WINNIPEG – When Maxim Berent arrived for work at his family’s Winnipeg café on Feb. 1, he was greeted with a message that made his skin crawl and his heart sink.
On the fence in front of his mother’s parking spot, and across one of their business’s windows, someone had spray-painted “Jew,” an act of vandalism that struck Berent as an overt hate crime with dangerous undertones of anti-Semitic violence.
“It’s a horrible thing to target a Jewish business like this,” said Berent, 30, during an interview at the BerMax Caffé + Bistro, the restaurant his family opened in Winnipeg’s River Heights neighbourhood four years ago. “We aren’t sure who did this, but it is a very scary thing.”
Berent, who is Orthodox and wears tzitzit and a kippah, said that this is the second time in less than a month that his family’s business has been tagged with anti-Semitic graffiti. Given the restaurant’s location in a neighbourhood with a relatively high density of Jewish residents, Berent is concerned.
The first instance was reported to the Winnipeg Police Service, which, upon investigation, was unable to determine its meaning and felt it to be “typical urban graffiti,” said Const. Rob Carver. However, the second tagging “clearly says ‘Jew,’ ” he added.
Now police are investigating the incident as a hate crime. Yet Carver said it’s unlikely that the investigation will result in anything more than a charge for mischief under $5,000.
“We would like to know who did this, obviously, and that’s what the investigation is doing at this point,” he said. The graffiti “is unbelievably offensive and it makes the hair at the back of my neck stand up, but that doesn’t mean it’s going to move into an area where we can look at someone criminally. Right now, it’s offensive graffiti on a person’s building.”
Berent said he found the incident particularly troubling because it comes on the heels of International Holocaust Remembrance Day, a fact that wasn’t lost on B’nai Brith Canada, which labelled the tagging as an incident of anti-Semitic vandalism.
“The first thing I said was this is very reminiscent of Nazi Germany,” said Daniel Koren, the organization’s media relations and communications manager. “And this is exactly how they identified Jewish businesses in the days leading up to Kristallnacht and the Holocaust.… The difference is this is not systemic.”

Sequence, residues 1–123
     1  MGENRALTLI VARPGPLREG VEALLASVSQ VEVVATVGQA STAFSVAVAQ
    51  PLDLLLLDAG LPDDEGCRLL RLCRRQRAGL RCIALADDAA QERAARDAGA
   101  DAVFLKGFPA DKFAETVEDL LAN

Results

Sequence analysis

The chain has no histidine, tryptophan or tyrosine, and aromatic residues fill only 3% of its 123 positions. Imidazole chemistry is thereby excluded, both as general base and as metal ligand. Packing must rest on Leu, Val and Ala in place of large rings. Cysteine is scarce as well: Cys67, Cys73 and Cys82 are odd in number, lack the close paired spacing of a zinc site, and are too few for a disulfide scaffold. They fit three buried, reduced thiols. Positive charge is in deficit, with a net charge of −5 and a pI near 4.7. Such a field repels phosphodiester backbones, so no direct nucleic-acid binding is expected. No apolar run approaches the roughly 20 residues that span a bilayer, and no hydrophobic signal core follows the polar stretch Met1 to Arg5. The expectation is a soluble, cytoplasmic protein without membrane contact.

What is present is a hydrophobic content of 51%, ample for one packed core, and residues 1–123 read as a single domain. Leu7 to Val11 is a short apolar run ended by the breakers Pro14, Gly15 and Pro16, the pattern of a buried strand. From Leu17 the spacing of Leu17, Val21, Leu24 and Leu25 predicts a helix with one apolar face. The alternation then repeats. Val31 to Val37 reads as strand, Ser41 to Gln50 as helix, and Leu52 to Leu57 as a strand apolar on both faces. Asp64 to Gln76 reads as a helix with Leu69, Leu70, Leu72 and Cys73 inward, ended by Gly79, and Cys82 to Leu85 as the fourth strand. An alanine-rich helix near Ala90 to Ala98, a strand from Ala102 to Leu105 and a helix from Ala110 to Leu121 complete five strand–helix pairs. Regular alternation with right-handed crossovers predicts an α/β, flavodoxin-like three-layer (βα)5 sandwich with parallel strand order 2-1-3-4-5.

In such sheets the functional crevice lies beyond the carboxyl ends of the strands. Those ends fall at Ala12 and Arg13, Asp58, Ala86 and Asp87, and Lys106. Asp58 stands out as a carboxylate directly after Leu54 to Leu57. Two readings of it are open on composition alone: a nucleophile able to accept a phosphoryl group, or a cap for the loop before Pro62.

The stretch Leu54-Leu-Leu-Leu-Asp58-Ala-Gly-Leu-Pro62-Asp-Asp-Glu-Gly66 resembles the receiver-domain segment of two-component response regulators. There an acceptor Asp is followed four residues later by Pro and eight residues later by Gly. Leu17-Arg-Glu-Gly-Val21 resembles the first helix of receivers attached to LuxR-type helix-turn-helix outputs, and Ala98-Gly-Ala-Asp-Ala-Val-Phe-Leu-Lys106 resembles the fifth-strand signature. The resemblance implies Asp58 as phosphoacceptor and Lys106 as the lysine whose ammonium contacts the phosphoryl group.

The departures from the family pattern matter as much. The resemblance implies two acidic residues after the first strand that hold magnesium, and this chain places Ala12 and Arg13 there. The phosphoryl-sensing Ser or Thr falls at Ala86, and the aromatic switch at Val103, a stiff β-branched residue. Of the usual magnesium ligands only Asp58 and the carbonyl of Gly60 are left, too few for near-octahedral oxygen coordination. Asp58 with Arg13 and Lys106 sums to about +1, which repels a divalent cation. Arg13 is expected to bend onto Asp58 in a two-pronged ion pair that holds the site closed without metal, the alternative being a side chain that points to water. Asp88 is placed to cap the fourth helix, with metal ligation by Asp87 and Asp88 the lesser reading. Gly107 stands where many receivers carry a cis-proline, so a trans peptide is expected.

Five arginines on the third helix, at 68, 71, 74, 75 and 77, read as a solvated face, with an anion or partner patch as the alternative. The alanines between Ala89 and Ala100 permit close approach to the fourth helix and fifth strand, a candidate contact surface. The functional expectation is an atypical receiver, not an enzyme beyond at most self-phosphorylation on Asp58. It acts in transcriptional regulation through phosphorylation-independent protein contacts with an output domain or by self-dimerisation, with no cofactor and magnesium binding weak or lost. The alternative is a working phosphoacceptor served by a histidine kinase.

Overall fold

The first thing I said was this is very reminiscent of Nazi Germany.
– Daniel Koren
However, B’nai Brith’s most recent audit of anti-Semitic incidents in Canada does show a stark increase in similar occurrences across the country. According to its 2017 audit, there were 1,752 recorded incidents of anti-Semitism nationwide. This included 327 instances of anti-Semitic vandalism, which increased by 107 per cent from 2016.
“While (the BerMax graffiti) is not surprising, unfortunately at this point, it’s definitely something we’ve seen more of recently,” said Koren.
Carver said the police aren’t taking the incident lightly, despite his doubts as to whether any charges will be laid. “We’ve got a detective looking at this because it is within living memory that these sorts of things got people killed,” he said, alluding to the Nazi-era labelling of Jewish businesses.
For Berent, whose family immigrated to Winnipeg in 2005 from Israel, via Ukraine, the incident – along with the spate of vandalism across Canada and the recent shooting at Pittsburgh’s Tree of Life synagogue – shows the need for more Holocaust education.
“Some people say, ‘That’s just Pittsburgh.’ But no, it’s here,” he said. “I hope this serves as a lesson for us all.”
After showing the graffiti to The CJN, Berent headed back to the café, looking for refuge from the bitter cold. A black SUV drove by and its driver rolled down the window.
“I’m so sorry that happened to you,” she said before driving off.
“Thank you,” he replied.